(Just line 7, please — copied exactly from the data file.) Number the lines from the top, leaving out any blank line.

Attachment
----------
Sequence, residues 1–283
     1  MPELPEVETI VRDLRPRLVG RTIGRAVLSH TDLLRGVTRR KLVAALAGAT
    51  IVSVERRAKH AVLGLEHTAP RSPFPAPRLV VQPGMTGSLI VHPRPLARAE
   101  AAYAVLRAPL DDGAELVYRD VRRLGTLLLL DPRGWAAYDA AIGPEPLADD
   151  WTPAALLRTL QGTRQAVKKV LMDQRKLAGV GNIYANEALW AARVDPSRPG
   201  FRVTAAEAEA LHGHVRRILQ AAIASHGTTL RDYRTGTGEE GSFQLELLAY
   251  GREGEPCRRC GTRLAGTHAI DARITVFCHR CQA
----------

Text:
   251  GREGEPCRRC GTRLAGTHAI DARITVFCHR CQA